Tuesday, August 19, 2014

Lauren Cohen et al. go after "patent trolls"

The abstract for Patent Trolls... states

We provide theoretical and empirical evidence on the evolution and impact of
non-practicing entities (NPEs) in the intellectual property space. Heterogeneity in
innovation, given a cost of commercialization, results in NPEs that choose to act as
\patent trolls" that chase operating rms' innovations even if those innovations are not
clearly infringing on the NPEs' patents. We support these predictions using a novel,
large dataset of patents targeted by NPEs. We show that NPEs on average target rms
that are ush with cash (or have just had large positive cash shocks). Furthermore,
NPEs target rm pro ts arising from exogenous cash shocks unrelated to the allegedly
infringing patents. We next show that NPEs target rms irrespective of the closeness of
those rms' patents to the NPEs', and that NPEs typically target rms that are busy
with other (non-IP related) lawsuits or are likely to settle. Lastly, we show that NPE
litigation has a negative real impact on the future innovative activity of targeted rms.

The first paragraph shows that the authors are confused about what a patent right is:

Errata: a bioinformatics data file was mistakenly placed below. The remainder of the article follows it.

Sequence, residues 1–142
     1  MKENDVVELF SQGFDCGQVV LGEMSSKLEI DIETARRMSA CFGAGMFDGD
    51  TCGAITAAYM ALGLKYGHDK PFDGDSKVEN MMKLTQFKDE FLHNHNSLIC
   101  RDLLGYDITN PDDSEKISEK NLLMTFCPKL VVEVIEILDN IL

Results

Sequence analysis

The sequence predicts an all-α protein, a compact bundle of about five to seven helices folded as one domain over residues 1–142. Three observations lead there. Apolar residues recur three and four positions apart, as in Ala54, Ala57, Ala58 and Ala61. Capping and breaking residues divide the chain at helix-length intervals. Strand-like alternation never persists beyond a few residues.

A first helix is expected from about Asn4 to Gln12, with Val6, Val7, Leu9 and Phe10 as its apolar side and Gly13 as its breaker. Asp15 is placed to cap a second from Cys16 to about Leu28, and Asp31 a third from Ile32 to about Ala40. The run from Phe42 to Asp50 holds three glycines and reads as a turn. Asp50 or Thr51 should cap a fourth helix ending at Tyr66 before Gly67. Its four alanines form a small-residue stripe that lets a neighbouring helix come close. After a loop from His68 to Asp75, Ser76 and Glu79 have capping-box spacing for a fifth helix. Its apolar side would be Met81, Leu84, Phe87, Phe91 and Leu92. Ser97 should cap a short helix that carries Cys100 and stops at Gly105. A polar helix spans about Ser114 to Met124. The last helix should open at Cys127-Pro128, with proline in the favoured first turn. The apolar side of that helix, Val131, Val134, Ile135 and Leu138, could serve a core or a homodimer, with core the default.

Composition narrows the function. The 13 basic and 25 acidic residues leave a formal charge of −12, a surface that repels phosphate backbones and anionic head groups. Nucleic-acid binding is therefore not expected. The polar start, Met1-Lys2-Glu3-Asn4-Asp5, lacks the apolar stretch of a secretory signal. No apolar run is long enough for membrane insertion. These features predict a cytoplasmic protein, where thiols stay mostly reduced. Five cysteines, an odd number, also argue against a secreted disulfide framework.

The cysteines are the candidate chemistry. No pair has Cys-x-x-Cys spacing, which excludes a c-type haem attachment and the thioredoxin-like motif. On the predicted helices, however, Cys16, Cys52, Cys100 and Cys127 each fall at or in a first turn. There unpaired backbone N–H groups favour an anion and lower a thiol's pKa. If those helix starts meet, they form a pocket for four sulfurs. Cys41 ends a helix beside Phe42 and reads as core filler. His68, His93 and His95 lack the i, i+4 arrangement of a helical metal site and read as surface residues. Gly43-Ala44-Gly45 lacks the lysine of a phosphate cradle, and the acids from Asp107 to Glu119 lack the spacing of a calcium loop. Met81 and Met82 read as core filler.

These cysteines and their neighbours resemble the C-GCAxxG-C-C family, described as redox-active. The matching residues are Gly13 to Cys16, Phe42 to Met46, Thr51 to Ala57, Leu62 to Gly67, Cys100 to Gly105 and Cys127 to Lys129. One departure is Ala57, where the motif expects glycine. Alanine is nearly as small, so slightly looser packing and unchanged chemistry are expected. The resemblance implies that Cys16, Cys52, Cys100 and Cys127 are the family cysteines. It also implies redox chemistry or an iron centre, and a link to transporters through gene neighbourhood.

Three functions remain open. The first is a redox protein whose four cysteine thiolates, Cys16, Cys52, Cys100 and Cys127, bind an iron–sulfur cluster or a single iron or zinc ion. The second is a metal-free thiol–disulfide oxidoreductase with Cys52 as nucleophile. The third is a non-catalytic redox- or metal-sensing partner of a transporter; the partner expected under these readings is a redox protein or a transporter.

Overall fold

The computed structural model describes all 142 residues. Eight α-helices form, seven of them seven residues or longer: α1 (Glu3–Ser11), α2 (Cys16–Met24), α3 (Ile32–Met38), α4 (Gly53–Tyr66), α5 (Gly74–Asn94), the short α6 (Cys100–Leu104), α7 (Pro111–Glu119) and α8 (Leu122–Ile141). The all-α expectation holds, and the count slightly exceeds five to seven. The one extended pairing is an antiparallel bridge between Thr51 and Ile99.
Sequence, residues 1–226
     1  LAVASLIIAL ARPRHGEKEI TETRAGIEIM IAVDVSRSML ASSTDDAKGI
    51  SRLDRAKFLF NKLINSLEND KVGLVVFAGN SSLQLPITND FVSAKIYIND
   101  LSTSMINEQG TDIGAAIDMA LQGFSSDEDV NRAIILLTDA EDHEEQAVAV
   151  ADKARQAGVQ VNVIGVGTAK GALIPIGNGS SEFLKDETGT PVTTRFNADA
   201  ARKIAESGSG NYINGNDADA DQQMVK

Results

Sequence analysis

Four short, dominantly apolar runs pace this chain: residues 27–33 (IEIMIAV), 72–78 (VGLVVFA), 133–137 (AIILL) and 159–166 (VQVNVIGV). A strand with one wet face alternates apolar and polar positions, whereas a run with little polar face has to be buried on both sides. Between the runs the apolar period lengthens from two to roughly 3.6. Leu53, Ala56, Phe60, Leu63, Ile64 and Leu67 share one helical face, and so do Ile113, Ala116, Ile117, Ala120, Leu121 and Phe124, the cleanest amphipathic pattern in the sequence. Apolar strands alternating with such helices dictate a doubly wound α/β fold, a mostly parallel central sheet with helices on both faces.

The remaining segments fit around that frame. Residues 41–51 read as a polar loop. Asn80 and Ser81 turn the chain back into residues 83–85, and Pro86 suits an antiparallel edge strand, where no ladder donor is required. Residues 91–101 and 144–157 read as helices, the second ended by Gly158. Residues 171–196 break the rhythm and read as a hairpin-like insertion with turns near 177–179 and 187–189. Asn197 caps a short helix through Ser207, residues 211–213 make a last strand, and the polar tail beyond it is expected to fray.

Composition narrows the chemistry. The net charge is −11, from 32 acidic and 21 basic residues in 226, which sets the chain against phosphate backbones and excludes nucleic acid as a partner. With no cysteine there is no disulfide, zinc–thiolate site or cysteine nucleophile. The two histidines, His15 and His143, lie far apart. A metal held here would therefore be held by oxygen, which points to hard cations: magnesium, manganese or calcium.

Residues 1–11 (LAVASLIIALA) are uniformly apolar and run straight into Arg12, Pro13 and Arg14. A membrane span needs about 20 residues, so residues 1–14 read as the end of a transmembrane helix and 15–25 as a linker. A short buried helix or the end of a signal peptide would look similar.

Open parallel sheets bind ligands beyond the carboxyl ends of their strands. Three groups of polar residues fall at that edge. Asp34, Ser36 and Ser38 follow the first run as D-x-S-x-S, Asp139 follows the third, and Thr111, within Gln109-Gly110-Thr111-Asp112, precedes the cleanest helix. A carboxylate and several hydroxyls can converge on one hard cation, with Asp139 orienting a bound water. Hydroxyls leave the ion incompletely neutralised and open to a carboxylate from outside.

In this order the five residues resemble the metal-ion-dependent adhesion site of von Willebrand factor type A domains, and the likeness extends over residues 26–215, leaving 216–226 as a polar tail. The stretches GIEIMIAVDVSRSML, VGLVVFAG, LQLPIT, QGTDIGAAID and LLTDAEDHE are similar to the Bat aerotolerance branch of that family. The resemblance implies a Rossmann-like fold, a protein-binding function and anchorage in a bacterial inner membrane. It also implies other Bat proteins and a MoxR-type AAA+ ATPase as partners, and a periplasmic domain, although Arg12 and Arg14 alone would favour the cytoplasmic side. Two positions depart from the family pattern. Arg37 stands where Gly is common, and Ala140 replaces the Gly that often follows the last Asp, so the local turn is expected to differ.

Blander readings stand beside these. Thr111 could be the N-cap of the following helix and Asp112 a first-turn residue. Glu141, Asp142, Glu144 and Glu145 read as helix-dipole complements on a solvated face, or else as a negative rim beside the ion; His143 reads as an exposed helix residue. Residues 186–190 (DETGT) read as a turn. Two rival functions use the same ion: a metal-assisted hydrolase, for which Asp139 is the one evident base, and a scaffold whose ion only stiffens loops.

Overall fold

Clearly defined property rights are essential for well-functioning markets. In the case of
intellectual property (IP), however, property rights are complex to define; unlike ownership
of physical assets, the space of ideas is di cult to clearly delineate. A solution employed
by the United States and many other countries is the patent, a property right allowing an
idea's owner sole commercialization rights for a period of time.

As the ancient diode/triode saga illustrates, having a patent does NOT give one a sole commercialization

Yes, the first person mentioned in the acknowledgements on the first page is "Jim Bessen," and the first footnote
is --Bessen et al. (2011) estimate that from 2007 to 2010, these litigation (and settlement) losses averaged
over $83 billion per year in 2010 dollars (just summing over the losses to publicly traded rms). This is
equivalent to over 25% of annual United States industrial R&D investment --

Of the supporting data: -- Using proprietary data, we provide strong empirical evidence for the model's main
predictions. --


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